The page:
World Library  
Flag as Inappropriate
Email this Article

Deadlier Than the Male

Deadlier Than the Male
UK cinema poster
Directed by Ralph Thomas
Produced by Betty E. Box
Sydney Box
Written by Liz Charles-Williams
David D. Osborn
Jimmy Sangster
Starring Richard Johnson
Elke Sommer
Sylva Koscina
Nigel Green
Music by Malcolm Lockyer
title song performed by The Walker Brothers
Cinematography Ernest Steward
Edited by Alfred Roome
Distributed by J. Arthur Rank Film Distributors (UK)
Universal Pictures (USA)
Release dates
  • 21 February 1967 (1967-02-21) (London, premiere)
Running time
98 minutes
Country United Kingdom
Language English

Deadlier Than the Male is a 1967 British crime and mystery film[1] featuring the character of Bulldog Drummond. It is one of the many take-offs of James Bond produced during the 1960s, but is based on an established detective fiction hero.

Richard Johnson (director Terence Young's original preference to play James Bond) stars as Bulldog Drummond, updated to a suave Korean War veteran, now an insurance investigator, trailing a pair of sexy assassins (Elke Sommer and Sylva Koscina) who kill for sport and profit. Drummond's American nephew, Robert Drummond (Steve Carlson, then a Universal Pictures contract star), becomes involved in the intrigue when he comes to visit.

The title is a reference to the 1911 Rudyard Kipling poem "The Female of the Species," which includes the line, "The female of the species must be deadlier than the male", and also refers to Sapper's earlier Drummond book The Female of the Species. The working title of the film was The Female of the Species.[2] Filmed in Technicolor and Techniscope, portions of the film were shot in Lerici, La Spezia, Liguria, Italy.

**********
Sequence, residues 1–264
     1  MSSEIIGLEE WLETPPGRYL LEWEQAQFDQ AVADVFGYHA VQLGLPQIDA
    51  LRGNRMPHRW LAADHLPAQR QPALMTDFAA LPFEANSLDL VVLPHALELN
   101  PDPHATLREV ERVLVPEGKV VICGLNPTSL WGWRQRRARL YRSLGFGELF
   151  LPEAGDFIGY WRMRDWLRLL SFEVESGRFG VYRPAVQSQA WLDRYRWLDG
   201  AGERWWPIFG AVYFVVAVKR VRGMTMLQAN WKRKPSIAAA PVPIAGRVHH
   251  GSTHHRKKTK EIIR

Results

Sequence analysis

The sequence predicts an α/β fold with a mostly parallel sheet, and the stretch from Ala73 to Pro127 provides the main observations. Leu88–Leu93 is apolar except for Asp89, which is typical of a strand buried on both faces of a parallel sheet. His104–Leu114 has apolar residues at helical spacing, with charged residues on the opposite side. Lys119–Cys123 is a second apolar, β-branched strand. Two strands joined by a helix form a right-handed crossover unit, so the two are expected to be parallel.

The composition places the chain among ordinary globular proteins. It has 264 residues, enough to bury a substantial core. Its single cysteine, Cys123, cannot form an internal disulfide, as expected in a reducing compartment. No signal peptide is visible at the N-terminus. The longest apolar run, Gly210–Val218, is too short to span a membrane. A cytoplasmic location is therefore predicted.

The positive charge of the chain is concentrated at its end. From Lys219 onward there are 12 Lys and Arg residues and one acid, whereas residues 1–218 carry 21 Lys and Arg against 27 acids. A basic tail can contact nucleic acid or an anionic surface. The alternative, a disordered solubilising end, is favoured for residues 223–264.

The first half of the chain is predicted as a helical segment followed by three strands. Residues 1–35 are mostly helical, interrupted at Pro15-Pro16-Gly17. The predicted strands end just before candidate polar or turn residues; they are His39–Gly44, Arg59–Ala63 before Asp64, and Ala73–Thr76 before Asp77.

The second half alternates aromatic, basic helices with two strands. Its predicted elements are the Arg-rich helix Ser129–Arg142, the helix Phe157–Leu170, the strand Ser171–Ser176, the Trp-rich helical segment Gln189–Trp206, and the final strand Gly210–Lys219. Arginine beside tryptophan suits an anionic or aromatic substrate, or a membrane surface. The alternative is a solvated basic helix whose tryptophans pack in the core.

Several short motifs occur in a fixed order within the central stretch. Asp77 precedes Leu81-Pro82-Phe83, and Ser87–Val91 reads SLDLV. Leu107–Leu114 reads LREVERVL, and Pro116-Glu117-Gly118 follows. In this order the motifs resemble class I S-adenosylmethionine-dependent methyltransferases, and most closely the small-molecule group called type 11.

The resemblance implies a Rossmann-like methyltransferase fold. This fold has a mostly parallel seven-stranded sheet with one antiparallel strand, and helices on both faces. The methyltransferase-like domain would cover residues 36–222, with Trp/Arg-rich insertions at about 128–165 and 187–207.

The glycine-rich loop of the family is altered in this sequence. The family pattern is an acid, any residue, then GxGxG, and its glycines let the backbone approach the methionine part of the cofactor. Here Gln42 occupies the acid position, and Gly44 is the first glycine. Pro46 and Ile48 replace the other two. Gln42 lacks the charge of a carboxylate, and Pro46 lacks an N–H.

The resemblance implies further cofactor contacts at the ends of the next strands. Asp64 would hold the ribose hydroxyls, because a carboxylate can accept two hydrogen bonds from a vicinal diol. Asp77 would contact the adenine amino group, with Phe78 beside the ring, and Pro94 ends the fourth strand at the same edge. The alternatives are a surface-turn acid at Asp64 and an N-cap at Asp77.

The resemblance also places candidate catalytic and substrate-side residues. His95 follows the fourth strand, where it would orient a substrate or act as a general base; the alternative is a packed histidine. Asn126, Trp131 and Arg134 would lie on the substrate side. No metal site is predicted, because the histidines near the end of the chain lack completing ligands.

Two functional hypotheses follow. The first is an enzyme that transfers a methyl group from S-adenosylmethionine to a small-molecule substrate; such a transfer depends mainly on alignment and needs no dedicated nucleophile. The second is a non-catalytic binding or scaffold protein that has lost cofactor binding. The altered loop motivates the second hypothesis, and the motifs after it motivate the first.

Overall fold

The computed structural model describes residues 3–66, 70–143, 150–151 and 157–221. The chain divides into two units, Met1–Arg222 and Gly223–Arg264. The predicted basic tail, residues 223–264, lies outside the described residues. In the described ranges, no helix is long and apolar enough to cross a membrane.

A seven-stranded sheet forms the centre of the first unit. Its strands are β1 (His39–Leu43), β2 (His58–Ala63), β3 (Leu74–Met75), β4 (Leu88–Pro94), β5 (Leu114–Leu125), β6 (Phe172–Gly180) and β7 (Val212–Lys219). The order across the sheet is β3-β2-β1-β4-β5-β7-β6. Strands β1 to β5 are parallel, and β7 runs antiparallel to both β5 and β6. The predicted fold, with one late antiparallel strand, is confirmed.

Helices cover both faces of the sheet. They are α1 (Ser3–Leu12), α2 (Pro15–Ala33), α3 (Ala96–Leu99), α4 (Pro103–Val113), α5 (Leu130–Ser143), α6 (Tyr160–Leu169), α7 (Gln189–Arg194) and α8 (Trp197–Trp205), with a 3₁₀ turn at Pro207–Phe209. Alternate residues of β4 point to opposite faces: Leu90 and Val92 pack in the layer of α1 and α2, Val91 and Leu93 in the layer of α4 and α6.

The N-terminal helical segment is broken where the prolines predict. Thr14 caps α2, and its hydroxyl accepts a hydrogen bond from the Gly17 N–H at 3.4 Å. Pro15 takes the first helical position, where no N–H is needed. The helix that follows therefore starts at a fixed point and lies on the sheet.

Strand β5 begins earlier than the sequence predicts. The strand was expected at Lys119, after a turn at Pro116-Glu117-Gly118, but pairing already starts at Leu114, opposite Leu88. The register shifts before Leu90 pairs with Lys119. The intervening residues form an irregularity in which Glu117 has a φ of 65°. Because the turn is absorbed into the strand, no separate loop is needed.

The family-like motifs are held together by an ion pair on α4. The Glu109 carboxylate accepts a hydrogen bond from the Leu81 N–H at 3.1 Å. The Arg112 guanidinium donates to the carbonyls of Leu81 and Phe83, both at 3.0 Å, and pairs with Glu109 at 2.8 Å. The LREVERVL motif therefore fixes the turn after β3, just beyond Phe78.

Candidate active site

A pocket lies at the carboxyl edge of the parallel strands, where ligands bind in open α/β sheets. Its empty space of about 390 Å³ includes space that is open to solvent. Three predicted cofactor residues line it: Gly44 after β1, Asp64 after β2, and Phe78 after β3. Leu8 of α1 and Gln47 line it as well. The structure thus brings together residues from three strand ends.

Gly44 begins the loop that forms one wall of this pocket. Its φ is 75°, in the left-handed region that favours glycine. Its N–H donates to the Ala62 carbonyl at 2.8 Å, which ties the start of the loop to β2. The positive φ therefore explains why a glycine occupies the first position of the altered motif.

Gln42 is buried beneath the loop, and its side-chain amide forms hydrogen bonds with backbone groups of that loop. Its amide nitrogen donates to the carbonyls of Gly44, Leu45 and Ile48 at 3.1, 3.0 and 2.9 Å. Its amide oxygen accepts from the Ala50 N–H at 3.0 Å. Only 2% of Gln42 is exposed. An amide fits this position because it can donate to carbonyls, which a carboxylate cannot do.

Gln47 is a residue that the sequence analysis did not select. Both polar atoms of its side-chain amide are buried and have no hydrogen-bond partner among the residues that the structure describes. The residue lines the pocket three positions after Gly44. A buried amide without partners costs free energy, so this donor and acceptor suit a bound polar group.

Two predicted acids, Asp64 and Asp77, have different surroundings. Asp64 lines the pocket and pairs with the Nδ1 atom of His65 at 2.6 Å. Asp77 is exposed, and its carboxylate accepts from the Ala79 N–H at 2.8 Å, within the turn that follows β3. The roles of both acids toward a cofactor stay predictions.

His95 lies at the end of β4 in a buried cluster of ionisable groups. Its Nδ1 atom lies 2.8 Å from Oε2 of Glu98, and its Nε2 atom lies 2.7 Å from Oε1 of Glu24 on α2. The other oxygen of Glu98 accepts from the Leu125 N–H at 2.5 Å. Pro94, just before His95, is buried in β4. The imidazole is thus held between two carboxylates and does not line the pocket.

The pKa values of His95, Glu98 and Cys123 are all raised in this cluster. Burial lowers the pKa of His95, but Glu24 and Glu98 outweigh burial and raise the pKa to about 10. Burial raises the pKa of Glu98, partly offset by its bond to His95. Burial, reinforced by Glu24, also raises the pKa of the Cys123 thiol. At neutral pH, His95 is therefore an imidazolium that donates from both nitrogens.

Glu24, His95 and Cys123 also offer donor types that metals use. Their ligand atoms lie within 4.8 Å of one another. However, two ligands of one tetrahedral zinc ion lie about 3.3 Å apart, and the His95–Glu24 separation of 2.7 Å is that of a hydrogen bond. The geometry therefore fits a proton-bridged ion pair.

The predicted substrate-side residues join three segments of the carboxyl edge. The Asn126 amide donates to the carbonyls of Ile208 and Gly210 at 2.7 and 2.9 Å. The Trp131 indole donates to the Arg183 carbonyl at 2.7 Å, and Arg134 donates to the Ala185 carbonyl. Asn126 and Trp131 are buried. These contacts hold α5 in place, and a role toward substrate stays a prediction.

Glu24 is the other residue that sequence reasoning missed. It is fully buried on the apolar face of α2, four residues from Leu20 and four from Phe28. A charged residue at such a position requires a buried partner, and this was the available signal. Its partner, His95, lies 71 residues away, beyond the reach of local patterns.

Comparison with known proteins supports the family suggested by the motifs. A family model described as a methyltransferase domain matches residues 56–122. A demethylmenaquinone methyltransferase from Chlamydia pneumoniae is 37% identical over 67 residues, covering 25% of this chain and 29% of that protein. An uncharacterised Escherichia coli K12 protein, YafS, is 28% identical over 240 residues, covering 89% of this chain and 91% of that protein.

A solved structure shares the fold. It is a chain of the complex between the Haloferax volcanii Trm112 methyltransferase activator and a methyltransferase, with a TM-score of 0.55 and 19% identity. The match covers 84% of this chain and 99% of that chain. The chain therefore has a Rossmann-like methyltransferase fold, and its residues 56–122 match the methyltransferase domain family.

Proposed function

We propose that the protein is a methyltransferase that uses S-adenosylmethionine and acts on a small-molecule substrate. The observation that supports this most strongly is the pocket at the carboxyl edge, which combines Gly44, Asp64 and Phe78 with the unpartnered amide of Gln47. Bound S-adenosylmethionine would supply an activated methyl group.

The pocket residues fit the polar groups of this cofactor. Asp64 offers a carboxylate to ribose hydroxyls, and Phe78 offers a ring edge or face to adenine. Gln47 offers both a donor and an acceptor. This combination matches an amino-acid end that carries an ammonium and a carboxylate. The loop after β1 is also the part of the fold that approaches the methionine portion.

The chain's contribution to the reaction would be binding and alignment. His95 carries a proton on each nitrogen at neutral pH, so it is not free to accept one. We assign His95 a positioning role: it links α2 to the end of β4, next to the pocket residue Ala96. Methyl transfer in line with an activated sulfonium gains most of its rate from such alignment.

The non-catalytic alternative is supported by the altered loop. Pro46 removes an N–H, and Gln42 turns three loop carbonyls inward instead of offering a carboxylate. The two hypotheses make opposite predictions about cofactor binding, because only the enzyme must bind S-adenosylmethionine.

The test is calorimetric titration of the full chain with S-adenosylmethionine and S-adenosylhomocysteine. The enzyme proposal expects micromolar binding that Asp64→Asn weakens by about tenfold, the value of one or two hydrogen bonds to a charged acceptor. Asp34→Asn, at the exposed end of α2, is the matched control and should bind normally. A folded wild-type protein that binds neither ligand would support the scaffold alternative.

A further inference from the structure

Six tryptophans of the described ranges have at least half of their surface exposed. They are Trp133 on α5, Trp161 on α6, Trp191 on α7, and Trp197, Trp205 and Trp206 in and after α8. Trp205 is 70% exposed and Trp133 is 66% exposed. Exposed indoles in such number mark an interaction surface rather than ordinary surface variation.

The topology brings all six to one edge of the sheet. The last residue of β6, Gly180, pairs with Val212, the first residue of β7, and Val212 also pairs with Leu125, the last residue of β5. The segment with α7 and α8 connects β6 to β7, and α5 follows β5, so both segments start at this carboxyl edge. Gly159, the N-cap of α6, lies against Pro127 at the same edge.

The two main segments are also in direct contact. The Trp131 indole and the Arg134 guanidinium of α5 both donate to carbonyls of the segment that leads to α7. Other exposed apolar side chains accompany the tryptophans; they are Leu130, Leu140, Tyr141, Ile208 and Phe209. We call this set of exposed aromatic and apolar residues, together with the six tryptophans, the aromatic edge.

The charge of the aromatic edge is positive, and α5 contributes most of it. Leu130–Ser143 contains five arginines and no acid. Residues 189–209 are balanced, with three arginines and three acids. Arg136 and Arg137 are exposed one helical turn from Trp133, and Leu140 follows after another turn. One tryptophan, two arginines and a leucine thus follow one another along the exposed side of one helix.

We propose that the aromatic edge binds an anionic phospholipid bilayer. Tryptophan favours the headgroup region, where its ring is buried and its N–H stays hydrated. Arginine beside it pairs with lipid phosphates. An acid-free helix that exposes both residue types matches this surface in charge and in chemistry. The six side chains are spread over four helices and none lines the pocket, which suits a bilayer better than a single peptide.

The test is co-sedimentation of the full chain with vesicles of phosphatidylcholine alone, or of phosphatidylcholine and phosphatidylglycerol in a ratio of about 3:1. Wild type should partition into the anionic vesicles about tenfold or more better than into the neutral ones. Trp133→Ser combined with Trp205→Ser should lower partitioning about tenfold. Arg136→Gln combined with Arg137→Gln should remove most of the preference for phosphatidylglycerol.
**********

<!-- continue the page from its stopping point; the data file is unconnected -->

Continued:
The film was followed by a sequel, Some Girls Do, in 1969. The Song featured in the Film`s opening credit sequence was performed by The Walker Brothers.


  • Plot 1
  • Cast 2
  • Production 3
  • References 4
  • External links 5


When a top oil executive dies mysteriously aboard his private jet, the company's board suspects foul play and hires Hugh "Bulldog" Drummond to investigate. Attempts on his own life lead him to believe two lovely females are "hit men" for an international crime syndicate.

Drummond pursues them from London to the Mediterranean, but finds himself trapped in a deadly game of cat and mouse with a diabolical mastermind. It is revealed that Carl Petersen (Nigel Green), thought to have been a victim of assassination himself, is the evil genius behind the assassinations. Using two female assassins, Irma (Elke Sommer) and Penelope (Sylva Koscina), Petersen kills anyone who comes too close to revealing his true identity or who threatens his profit margin. He captures and imprisons Drummond.

The finale involves Petersen's attempt to kill King Fedra, who refuses to sell his oil fields. Grace, Petersen's disillusioned mistress, is overheard confiding her dissatisfaction to Drummond. Petersen repays her by secreting a plastic explosive onto her and sending her to the King's yacht. While playing chess against Petersen with giant motorized pieces, Drummond attempts to escape from Petersen's castle. He kills Petersen's bodyguard Chang (Milton Reid) and presumably kills Petersen himself by dropping him into a pit.